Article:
Choosing mentors and making your voice heard: essential career advice for Black women
Written by Opeyemi and Raphael Sofoluke
In Twice As Hard: Navigating Black Stereotypes And Creating Space For Success, Opeyemi and Raphael Sofoluke expose the challenges Black professionals face in the workplace, and how to overcome them. Here, they share their advice for Black women looking to take the next step in their careers.
From the trappings of imposter syndrome to dealing with racist microaggressions and stereotypes, it’s no secret that Black people – and in particular, Black women – face a number of additional challenges when it comes to navigating and furthering their careers when compared to their white counterparts.
Indeed, just last month, a report entitled Driving Diversity And Inclusion In The Workplace from the recruitment consultancy Robert Walters revealed that Black professionals are twice as likely to be turned down for a pay rise than those who are white, and that half of Black women claim their career expectations are not being met by their employer – double the national average.
It’s this kind of ongoing disparity that is the jumping-off point for a new book from the entrepreneurial couple Opeyemi and Raphael Sofoluke.
The book, titled Twice As Hard: Navigating Black Stereotypes And Creating Space For Success, not only exposes the obstacles that limit opportunities for Black professional progress, but provides chapters-upon-chapters of advice on challenging racial stereotypes and building a successful career.
Here, Opeyemi and Raphael speak to Stylist about the book and the challenges faced by young, Black women today, and share their advice for making your mark in the workplace. Here’s what they had to say.
What are the main challenges young Black women face in the workplace today?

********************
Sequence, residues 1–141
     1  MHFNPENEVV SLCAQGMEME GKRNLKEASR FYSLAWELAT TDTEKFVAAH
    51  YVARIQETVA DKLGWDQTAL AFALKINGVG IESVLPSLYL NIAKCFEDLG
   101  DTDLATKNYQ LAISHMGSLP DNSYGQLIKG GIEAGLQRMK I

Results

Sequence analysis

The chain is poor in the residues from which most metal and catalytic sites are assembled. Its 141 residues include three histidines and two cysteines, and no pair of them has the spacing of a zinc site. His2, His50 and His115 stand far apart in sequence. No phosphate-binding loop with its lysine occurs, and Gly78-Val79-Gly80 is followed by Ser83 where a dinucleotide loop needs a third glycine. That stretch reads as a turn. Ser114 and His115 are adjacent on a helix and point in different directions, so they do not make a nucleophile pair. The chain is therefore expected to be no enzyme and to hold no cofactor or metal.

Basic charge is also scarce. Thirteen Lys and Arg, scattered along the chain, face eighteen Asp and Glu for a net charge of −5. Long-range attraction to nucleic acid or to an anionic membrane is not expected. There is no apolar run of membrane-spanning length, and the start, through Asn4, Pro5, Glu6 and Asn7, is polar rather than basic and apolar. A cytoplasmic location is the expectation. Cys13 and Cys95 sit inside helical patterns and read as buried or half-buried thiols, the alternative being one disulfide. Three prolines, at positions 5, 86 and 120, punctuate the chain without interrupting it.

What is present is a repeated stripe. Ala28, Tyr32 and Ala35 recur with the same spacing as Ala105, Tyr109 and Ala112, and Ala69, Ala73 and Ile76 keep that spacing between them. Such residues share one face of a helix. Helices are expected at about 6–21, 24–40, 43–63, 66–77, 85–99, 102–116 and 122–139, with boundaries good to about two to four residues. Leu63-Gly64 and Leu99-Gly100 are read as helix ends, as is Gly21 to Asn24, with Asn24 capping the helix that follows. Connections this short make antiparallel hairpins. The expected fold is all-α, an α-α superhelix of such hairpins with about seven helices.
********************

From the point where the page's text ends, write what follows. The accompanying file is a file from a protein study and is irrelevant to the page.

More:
Opeyemi: “One of the many challenges that Black women face is getting recognition for the hard work they do. What you find in a lot of organisations is that, when it comes to promotion periods, it’s really hard for Black women to be seen and to be put forward for promotion. And that’s become even harder now when you think about how we’re working in a virtual world.
“A lot of the conversations I’ve had with women that I’ve mentored is how we can make them more visible. I find that Black women have to be so intentional about how they communicate the work that they do and the impact that they make, and more so now being in a virtual world where managers don’t get to see you in that group environment.
“I think added to that – when you think about the impact of Covid-19 – we know that the Black community was disproportionately impacted when compared to our white counterparts. So there’s also the added pressure on many Black families as a result of that.
“Of course many people have been impacted regardless of race, but for the Black community specifically, there’s been that heavy impact. So how do you continue to show up for work despite some of the challenges you may be facing at home? And then I think when we also add that to the lens of being maybe a mother or a carer, a lot of Black women are juggling how they manage their home life alongside their work-life and still deliver in that space.”